You’ll need to complete Form DS-160, pay the visa application fee, and schedule an appointment for visa application interview at the U.S. embassy or consulate in your country of residence. The form and additional application details are available on the U.S. Department of State website. A visitor visa is typically issued for 6 months and precludes visitors from working and conducting business, which would require a separate visa. A U.S. visa lawyer can help determine which type of visa suits your needs.

When to Hire a Lawyer

It is in your best interest to get legal help early on in addressing your situation. There are times when hiring a lawyer quickly is critical to your case, such as if you are charged with a crime. It may also be in your best interest to have a lawyer review the fine print before signing legal documents. A lawyer can also help you get the compensation you deserve if you’ve suffered a serious injury. For issues where money or property is at stake, having a lawyer guide you through the complexities of the legal system can save you time, hassle, and possibly a lot of grief in the long run.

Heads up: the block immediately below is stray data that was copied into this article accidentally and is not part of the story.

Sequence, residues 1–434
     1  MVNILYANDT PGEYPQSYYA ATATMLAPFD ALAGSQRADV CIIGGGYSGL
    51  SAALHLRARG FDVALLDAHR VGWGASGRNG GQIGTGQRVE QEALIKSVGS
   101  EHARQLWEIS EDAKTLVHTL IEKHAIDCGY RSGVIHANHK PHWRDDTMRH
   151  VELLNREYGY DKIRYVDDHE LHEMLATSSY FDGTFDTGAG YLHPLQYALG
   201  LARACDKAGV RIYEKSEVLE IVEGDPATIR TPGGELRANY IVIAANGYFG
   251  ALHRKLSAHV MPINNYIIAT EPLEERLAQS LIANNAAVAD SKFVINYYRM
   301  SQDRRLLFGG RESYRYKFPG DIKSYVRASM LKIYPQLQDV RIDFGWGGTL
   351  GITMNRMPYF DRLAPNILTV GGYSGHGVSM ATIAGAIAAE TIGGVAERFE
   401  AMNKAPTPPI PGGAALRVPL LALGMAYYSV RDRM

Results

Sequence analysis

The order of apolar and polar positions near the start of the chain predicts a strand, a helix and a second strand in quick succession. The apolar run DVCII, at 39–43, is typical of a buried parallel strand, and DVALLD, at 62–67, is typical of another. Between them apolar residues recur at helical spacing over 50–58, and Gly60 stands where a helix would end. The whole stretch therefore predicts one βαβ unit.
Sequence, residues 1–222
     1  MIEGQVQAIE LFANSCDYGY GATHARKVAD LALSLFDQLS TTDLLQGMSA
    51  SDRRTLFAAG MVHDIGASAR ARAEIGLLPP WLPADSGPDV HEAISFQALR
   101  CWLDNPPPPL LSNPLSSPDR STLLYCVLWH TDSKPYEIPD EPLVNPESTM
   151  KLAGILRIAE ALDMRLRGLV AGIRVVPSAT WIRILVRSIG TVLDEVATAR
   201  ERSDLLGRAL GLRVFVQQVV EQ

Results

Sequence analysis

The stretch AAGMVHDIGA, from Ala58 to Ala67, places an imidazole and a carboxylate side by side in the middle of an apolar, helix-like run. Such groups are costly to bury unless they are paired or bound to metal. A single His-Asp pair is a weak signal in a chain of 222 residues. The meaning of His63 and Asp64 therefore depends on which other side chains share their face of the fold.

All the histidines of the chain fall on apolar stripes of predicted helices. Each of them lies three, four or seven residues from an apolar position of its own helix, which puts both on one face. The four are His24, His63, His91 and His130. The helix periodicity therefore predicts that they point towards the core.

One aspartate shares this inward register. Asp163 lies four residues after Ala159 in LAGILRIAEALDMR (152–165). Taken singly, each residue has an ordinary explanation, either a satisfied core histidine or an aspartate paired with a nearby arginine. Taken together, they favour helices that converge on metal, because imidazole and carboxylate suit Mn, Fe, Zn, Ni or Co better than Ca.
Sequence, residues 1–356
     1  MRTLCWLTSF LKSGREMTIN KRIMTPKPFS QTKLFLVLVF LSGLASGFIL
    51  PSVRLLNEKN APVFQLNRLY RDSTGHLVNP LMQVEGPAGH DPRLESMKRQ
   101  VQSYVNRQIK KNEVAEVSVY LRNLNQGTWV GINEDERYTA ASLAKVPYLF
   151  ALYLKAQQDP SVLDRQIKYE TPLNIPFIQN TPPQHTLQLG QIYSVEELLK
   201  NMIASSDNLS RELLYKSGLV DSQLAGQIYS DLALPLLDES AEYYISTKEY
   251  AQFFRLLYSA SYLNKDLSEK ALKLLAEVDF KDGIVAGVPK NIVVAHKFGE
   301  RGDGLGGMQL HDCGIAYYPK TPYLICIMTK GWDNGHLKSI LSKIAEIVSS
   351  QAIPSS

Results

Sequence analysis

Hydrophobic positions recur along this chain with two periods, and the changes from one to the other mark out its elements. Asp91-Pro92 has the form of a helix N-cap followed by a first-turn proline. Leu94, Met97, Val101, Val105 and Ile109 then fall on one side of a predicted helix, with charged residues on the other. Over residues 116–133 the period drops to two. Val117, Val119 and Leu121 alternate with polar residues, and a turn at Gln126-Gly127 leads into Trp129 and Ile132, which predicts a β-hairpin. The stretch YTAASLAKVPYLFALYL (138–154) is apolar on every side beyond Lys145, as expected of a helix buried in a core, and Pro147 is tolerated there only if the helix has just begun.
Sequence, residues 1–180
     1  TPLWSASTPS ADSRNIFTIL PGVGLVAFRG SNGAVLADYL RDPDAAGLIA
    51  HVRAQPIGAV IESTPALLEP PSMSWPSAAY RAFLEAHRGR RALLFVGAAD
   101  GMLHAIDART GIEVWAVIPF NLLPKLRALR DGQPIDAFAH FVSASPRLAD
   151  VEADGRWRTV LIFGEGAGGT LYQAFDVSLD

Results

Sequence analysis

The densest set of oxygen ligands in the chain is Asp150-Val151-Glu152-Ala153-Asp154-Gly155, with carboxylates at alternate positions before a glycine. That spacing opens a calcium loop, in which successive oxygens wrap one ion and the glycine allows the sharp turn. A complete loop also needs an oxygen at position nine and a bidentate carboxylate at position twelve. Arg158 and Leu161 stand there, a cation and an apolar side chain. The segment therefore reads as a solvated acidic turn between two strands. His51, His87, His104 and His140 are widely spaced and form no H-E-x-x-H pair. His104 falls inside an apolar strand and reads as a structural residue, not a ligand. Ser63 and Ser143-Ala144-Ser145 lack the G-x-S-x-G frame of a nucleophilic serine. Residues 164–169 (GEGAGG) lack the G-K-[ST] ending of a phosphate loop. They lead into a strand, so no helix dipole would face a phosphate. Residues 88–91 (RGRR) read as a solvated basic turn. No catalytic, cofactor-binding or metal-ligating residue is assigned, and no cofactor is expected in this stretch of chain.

How to Prepare for Your Initial Consultation

Prepare for your consultation by writing down notes of your understanding of the case, jot down questions and concerns for the attorney, and gather your documents. Remember that you are trying to get a sense of whether the attorney has your trust and can help you address your legal issues. Questions should include how the attorney intends to resolve your issue, how many years he/she has been practicing law and specifically practicing in your area, as well as how many cases similar to yours the attorney has handled. It can also be helpful to broach the subject of fees so that you understand the likely cost and structure of your representation by a specific attorney and/or legal team.